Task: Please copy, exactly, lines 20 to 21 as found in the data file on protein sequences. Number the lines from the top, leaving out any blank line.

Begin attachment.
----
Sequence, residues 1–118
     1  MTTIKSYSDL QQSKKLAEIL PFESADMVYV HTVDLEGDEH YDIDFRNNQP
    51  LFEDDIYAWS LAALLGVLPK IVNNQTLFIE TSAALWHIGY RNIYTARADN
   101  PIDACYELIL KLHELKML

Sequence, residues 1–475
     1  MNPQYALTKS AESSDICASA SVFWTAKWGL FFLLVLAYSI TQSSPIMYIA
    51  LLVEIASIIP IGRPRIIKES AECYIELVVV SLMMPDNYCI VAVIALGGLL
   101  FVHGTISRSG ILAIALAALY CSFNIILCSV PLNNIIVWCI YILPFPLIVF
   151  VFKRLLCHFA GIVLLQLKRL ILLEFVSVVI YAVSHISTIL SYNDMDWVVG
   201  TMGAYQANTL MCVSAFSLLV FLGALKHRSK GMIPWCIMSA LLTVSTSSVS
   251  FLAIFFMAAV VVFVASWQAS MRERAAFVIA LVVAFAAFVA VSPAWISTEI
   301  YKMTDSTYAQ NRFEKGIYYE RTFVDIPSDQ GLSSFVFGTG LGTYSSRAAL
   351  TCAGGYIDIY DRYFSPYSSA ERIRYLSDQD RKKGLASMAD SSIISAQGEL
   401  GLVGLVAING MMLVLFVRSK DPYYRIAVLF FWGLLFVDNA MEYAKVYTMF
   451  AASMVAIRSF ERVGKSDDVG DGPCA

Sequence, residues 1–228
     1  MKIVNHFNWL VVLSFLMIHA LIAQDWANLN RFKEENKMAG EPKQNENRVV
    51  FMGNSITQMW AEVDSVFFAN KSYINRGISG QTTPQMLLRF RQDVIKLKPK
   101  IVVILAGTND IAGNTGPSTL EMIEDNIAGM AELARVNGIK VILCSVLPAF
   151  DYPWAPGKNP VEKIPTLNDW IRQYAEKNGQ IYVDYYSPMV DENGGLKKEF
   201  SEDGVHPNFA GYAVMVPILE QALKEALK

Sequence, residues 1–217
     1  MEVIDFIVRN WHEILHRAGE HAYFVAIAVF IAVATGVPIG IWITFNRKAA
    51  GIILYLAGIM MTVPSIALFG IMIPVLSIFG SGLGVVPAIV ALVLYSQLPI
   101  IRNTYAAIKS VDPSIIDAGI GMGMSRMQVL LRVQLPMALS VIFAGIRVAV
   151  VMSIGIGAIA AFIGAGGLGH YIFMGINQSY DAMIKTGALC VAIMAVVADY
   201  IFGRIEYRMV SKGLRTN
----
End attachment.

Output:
   151  DYPWAPGKNP VEKIPTLNDW IRQYAEKNGQ IYVDYYSPMV DENGGLKKEF
   201  SEDGVHPNFA GYAVMVPILE QALKEALK